Handmade tools-(material)

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Forum topic by Cleveland posted 03-01-2012 03:12 AM 2615 views 0 times favorited 9 replies Add to Favorites Watch
View Cleveland's profile


15 posts in 1773 days

03-01-2012 03:12 AM

I am about to venture into something I believe will become partly an obsession, I want to try to make a rebate plane…I have plenty of scraps around the shop but all seems to be from poplar and Oak… People I normally build for want cheaper materials they can paint… I have found myself needing a rebate/shoulder plane and can’t justify spending around 100$ on something I believe I can make here in the shop from my scrap bin… Would Red Oak suffice? I don’t have any of the woods that are recomended…like mahogany, Beech and what not… I plan on making one that’s shallow so I can sneak it into tight places if need be and if it works well I’ll make a few more….. but just wondering if the Oak will be alright…..Thanks and please flood me with info!!!!!

-- Clevo

9 replies so far

View richgreer's profile


4541 posts in 2493 days

#1 posted 03-01-2012 03:56 AM

I’ve made one hand plane but I plan to make more. In my case, I wanted a super hard plate on the bottom and the hardest wood available (Janka index of 4000) is Lignum Vitae. I only used about a piece on the bottom that is about 1/4” think but I like having a “steel like” plate on the bottom.

Lignum Vitae may be beyond your financial reach. Still, I would recommend a hard, tight grained wood for the bottom plate.

You mentioned oak. IMO, a white oak would work much better than a red oak but I think a few modestly priced domestics may do even better. Sugar (hard) Maple comes to mind first. I would also consider hickory or ash.

-- Rich, Cedar Rapids, IA - I'm a woodworker. I don't create beauty, I reveal it.

View Don W's profile

Don W

17871 posts in 1986 days

#2 posted 03-01-2012 03:58 AM

i made my smoother and scraper from oak

-- Master hand plane hoarder. -

View David Kirtley's profile

David Kirtley

1286 posts in 2416 days

#3 posted 03-01-2012 04:12 AM

Oak would be OK but I would go with something with less open grain. I suggest grabbing some turning blanks for stock to play with. They are not that expensive and you can get some interesting pieces. I have some purpleheart and wenge I got that way.

That said, personally I just dropped $30 and bought a wooden rebate like they sell at Lee Valley and Japan Woodworker.

Here is one from Lee Valley:

-- Woodworking shouldn't cost a fortune:

View Cleveland's profile


15 posts in 1773 days

#4 posted 03-01-2012 04:25 AM

@richgreer….How difficult was it to flatten the sole?...and what did you use to adhere it to the other and what did you use for the body of the plane>?
Thanks for the input guys….I might have to pick one up to get through this project…and then make one at my leisure….if leisure is a real word…..Preciate it Go Vols…Roll tide PI$$ on Florida just saying

-- Clevo

View waho6o9's profile


7115 posts in 1995 days

#5 posted 03-01-2012 04:33 AM

You can make one no doubt Clevo. I used purple heart, zebrawood, and an oak strip for my first one.
It’s a alot of fun to make your own.

View RockyTopScott's profile


1184 posts in 2897 days

#6 posted 03-01-2012 10:09 PM

Ok Clevo, i am part way there with you sir….see if you can tell from my name.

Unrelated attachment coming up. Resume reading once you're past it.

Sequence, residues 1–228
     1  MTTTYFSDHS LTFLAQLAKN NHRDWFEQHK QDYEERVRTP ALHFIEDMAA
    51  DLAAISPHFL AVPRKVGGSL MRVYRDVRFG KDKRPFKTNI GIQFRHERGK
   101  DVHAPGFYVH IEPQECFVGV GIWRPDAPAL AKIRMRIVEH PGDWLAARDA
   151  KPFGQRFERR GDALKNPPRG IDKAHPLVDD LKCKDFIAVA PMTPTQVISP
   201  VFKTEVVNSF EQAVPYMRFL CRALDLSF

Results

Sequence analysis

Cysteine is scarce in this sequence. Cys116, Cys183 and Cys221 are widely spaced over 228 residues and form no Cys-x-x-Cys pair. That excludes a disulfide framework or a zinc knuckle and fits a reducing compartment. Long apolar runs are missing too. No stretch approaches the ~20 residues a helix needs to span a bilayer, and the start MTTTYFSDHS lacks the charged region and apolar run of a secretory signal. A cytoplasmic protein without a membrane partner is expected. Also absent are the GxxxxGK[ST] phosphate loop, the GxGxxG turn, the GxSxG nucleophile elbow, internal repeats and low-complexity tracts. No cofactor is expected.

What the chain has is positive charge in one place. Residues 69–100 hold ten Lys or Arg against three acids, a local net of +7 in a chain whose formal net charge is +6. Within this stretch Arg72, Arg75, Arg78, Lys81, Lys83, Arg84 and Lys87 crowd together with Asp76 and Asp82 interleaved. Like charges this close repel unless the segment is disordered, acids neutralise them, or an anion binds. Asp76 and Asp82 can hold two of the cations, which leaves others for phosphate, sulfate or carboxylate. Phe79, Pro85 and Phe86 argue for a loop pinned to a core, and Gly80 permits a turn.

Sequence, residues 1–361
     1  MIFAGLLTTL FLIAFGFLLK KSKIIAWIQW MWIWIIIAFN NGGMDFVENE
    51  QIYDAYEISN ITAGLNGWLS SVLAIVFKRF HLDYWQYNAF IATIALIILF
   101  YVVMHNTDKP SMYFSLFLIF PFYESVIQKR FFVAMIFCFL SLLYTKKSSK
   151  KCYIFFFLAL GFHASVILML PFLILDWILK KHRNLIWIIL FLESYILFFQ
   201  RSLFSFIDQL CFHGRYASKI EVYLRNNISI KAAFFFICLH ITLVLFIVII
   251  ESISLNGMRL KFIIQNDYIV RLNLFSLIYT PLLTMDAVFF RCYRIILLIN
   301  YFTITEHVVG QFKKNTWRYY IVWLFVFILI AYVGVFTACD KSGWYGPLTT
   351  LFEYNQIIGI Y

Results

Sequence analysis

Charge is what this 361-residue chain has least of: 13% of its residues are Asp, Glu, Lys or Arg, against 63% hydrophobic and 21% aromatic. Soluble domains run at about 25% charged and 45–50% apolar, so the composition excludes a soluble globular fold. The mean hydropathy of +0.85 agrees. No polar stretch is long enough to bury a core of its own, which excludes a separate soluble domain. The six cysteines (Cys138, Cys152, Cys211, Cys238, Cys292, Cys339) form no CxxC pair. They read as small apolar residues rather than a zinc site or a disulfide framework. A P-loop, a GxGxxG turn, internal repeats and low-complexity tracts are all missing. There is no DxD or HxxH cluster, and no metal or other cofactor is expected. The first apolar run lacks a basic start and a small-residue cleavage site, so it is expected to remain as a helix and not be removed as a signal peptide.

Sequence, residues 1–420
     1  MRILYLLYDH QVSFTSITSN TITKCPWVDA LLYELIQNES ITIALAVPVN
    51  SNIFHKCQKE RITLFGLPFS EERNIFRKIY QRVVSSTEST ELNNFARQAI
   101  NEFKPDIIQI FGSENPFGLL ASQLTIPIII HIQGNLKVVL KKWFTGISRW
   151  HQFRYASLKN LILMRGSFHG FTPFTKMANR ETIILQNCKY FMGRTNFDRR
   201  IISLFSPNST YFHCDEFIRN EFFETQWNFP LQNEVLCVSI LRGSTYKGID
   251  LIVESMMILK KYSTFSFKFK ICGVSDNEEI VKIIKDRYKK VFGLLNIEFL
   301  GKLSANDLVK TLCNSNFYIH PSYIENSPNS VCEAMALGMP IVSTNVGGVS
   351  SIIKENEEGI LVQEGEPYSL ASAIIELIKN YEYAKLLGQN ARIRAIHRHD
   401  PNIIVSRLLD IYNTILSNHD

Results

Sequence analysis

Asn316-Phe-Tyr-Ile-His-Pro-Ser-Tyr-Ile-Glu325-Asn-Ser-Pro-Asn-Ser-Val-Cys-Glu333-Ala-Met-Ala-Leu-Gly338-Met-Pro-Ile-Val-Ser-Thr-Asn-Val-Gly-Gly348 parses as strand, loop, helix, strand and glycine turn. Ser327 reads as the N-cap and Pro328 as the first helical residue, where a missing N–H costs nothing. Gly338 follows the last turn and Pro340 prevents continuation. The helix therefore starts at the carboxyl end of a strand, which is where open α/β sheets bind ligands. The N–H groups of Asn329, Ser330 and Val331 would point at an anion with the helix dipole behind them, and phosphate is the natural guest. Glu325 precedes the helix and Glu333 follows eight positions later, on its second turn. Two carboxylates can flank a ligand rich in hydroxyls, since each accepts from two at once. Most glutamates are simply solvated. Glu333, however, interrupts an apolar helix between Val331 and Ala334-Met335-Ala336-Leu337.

-- “When you want to help people, you tell them the truth. When you want to help yourself, you tell them what they want to hear.” ― Thomas Sowell

View RGtools's profile


3372 posts in 2073 days

#7 posted 03-01-2012 10:19 PM

My wife shoved the same rebate plane that david is using in my stocking this year…not a bad tool but it takes a bit of practice to get everything right.

As far as woods are concerned. Anything dense straight and stable works. Try to get wood that this quartersawn close to the pith (but missing it) and angle any runout so the grain slopes downhill from toe to heal, that gives you a very durable plane (pick up a few surviveing wooden planes…the woods change but the configuration is pretty uniform).

-- Make furniture that lasts as long as the tree - Ryan

View Loren's profile


8158 posts in 3066 days

#8 posted 03-01-2012 11:08 PM

A low angle won’t work in wood. The pressure of on the bed
below the iron will force the wood to bulge behind the iron
if you go much less than 45 degrees with a wood plane.
Metal shoulder planes overcome this by using a material than
can take the stress without bending.

That said, I’ve made a rebate plane or two. I did one as a skew
rebate, sort of like a Japanese skew rebate plane. I used
an iron from a block plane.

View Cleveland's profile


15 posts in 1773 days

#9 posted 03-02-2012 06:53 AM

My first love is Tennessee…as much as a transplanted East Tennessean can …. But I’ve always been a bama fan too…so every third or fourth Saturday in October I am sure to be smiling…I would like UT to beat Bama just one more time in my lifetime hahahahh… My three favorite teams are UT Bama and who ever is playing Forida….man I just hate that team…. Any how… I have scoured the internet looking for a rebate plane….Don’t think a shoulder plane is necessarily needed as I’ll be going with the grain but still haven’t found one that is reasonably affordable.. I might just have to get out to the shop and make one….I have a few old block plane Irons I could use for the blade…. I’ve also seen that a man on here made one out of an old “paddle” bit…seems like a good idea too…but a little more work that I can afford to do at the moment…. If anyone knows where to scurry one up let me know…I’m in Kingston Tn. and would like to keep it local….thanks yall….or as we say in Tennessee thank yunz!!!

-- Clevo

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